I probably shouldn’t have even bothered writing an introduction for this book. It is my fourth, after all. If you have followed my story this far, then I see little point in dissuading you from reading further. Besides, the more you know about us, the better prepared you will be if someday you were to become one of us. It’s rare, but it happens.

I have just one warning, however, that I can neither stress nor repeat enough: We are neither heroes nor villains, but we take our secrecy very seriously. So as long as you are still human, don’t ever go looking for us. Because you just might find us, and I already have too much blood on my hands, thank you very much.

Chapter 1: The Man at the Window

The high-pitched siren went off just as Alia and I had finished eating dinner.

Oh, not again! I said irritably as the deafening noise filled every corner of our fortieth-floor penthouse at the top of the New Haven One building.

This made the sixteenth time our panic alarm had been set off in the last two and a half weeks. The first time was the day after Terry’s birthday, the next, three days later. From then, they became more and more frequent. Half of them in the middle of the night, the rest invariably at mealtimes and bath times. Sometimes twice or even three times a day. And now this. Another damn false alarm.

Alia was helping me clear the dishes off the table, and I shouted to her over the din, Could you go get that turned off? I’ll take care of the plates.

Sure, Addy, Alia replied into my head.

My sister always used her telepathy when she was alone with me, speaking with her mouth only when there were multiple people in the room. This time, however, she probably would have used her telepathy regardless, since she would have to shout to be heard over the ear-splitting noise. Shouting wasn’t one of Alia’s strong points.

Alia scampered off to the game room where Terry and I often played pool. With a solid steel door and shielded walls, the game room doubled as our safe room. It contained an intercom that linked to New Haven One Security, where jumpy Guardian Knights remote-activated our panic alarm every time they heard a mouse fart.

I took the dirty dishes in my hands and levitated the unused clean ones in front of me, carrying them back to the kitchen. I always had to be careful with my telekinetic power when I was distracted or irritated, as was the case now. Losing my focus would mean shattered dishes all over the floor.

I wasn’t just upset by the alarm, though.

Alia and I had spent much of the afternoon cooking up a welcome-home meal for Terry, who had returned from a Raven Knight mission today—her first since her return to active duty. But Terry had called in the evening to tell us that she was still in debriefing with her unit leader, Jack Pearson, and that they would be eating out. Cindy was late too. She had been delayed at another Council meeting, and that was after explicitly asking me to prepare a fancy turkey dinner for everyone to eat together.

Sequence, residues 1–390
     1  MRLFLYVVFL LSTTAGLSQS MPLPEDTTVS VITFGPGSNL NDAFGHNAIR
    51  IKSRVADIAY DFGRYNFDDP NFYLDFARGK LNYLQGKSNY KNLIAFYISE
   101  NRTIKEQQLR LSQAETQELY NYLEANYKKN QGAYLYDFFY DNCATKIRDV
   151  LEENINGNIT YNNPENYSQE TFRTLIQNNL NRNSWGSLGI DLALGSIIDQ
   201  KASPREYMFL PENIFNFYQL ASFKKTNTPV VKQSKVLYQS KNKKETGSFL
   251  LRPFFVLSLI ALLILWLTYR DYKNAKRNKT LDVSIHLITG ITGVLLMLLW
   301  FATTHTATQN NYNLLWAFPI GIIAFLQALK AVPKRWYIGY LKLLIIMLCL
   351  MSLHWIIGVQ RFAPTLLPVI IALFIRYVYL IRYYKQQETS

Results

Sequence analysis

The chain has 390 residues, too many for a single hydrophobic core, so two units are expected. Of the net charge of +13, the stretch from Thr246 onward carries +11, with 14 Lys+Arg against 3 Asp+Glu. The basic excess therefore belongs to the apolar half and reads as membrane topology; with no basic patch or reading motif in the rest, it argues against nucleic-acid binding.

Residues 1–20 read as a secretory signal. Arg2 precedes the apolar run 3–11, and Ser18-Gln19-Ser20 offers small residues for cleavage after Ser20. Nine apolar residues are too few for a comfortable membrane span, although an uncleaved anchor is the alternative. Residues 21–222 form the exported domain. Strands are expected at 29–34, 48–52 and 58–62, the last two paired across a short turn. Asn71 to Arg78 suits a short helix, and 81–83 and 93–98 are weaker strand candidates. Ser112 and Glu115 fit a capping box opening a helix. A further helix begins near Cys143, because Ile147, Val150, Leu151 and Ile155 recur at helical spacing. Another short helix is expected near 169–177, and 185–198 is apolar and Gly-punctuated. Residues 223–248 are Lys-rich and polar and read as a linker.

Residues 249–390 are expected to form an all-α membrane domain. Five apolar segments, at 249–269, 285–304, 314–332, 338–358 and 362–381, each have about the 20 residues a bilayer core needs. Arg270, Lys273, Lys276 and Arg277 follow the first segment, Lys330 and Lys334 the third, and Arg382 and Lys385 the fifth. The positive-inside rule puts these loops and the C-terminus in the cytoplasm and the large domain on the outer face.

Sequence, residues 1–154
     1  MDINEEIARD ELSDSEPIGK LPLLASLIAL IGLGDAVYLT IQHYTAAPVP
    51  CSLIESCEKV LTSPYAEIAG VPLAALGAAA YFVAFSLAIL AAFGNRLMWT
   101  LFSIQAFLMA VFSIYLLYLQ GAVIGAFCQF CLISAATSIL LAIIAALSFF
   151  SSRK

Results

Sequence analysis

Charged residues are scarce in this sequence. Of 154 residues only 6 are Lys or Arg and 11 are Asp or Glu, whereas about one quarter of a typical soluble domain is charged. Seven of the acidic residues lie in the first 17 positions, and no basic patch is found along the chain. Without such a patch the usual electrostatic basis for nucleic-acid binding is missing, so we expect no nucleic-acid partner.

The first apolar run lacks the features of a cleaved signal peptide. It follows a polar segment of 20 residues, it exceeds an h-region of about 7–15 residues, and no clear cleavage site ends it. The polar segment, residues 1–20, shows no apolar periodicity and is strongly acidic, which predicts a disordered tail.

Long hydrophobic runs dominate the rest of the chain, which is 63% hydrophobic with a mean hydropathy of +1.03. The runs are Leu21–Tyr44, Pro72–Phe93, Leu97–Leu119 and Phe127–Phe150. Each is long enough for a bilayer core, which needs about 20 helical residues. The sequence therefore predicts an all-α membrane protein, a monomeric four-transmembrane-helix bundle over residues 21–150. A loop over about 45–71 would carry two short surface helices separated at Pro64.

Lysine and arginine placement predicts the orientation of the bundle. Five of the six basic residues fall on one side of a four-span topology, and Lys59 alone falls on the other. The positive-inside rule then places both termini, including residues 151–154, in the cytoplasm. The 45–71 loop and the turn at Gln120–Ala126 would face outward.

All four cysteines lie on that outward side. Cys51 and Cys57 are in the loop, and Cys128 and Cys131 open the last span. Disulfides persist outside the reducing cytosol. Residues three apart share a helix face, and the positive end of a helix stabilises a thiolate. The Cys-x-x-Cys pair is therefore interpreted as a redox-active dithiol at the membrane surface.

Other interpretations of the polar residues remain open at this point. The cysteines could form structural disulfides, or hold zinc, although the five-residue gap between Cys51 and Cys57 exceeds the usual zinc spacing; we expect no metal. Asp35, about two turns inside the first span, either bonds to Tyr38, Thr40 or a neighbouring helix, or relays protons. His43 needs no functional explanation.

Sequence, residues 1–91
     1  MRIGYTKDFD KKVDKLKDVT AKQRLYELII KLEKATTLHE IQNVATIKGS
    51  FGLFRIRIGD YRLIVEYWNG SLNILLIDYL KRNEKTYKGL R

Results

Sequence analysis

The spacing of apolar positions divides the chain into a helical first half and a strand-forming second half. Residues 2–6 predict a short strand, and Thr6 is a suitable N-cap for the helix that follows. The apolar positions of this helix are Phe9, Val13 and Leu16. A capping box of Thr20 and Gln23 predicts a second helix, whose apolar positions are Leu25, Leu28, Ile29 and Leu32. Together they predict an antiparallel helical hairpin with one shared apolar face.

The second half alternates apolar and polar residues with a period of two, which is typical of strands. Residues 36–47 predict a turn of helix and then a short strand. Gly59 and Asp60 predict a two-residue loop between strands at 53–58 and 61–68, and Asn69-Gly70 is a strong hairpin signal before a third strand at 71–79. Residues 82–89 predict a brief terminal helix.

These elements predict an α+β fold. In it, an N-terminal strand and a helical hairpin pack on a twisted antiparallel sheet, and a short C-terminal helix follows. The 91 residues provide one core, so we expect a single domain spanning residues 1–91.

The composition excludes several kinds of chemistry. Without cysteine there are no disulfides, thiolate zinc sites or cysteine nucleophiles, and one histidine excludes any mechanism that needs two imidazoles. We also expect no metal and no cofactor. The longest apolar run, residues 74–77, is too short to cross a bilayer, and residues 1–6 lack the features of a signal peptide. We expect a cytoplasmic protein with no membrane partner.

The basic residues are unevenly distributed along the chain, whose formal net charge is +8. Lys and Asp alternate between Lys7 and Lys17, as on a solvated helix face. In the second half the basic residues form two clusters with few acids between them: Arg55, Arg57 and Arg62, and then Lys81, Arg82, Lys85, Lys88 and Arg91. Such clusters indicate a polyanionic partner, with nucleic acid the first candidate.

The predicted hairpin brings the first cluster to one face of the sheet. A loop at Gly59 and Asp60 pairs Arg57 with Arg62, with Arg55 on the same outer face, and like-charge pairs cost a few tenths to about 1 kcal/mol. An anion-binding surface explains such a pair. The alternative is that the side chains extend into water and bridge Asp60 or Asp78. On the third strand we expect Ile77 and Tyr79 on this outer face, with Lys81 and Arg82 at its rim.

I huffed as I loaded the dishwasher. Since when had I turned into an angry homemaker?

It had been two months now since the Guardians had returned victorious from their assassination of the Angel queen, Larissa Divine, during the gathering of lesser gods. The Guardians had returned victorious. I had not.

With Terry and Alia’s assistance, I had used the Guardian leader, Mr. Travis Baker, to help me sneak into the Angel camp, where I successfully made contact with my lost sister, Catherine. And there I learned that Cat no longer shared my last name. Returning empty-handed, I narrowly escaped execution at the hands of the man Cat now called Father: the Angel queen’s nephew, Randal Divine.

Then, before I managed to return to the Guardians, I condemned my former Raven commander, Mr. Jason Simms, to what I hoped would be a slow and painful death. Instead of helping him escape with a broken leg, I had blasted a hole through his elbow. Either he died in the tunnel where I left him, or the Angels found him and put him through weeks of torture. A fitting end to the man who used to brutally murder the children of our enemies. Though I realized that what I had done to Mr. Simms made me not all that different in the ethics department, my only true regret was that Mr. Simms had carried many of the Guardians’ secrets, and if he had been found, those secrets might be in Angel hands now.

And then there was Laila Brown… The first girl I ever kissed. The upstanding girl who insisted that good guys should never hide. When the Guardian Knights killed the Angel queen and began their retreat, Laila refused to leave without me. She died with her mother in an explosion that killed both instantly. I wasn’t there when it happened.

It had only been eight weeks, and I still frequently had my moments of pain and frustration. The news that Randal Divine had succeeded Larissa Divine as the Angels’ new leader, Terry returning to active mission status, and all these recent false alarms weren’t helping me in the least.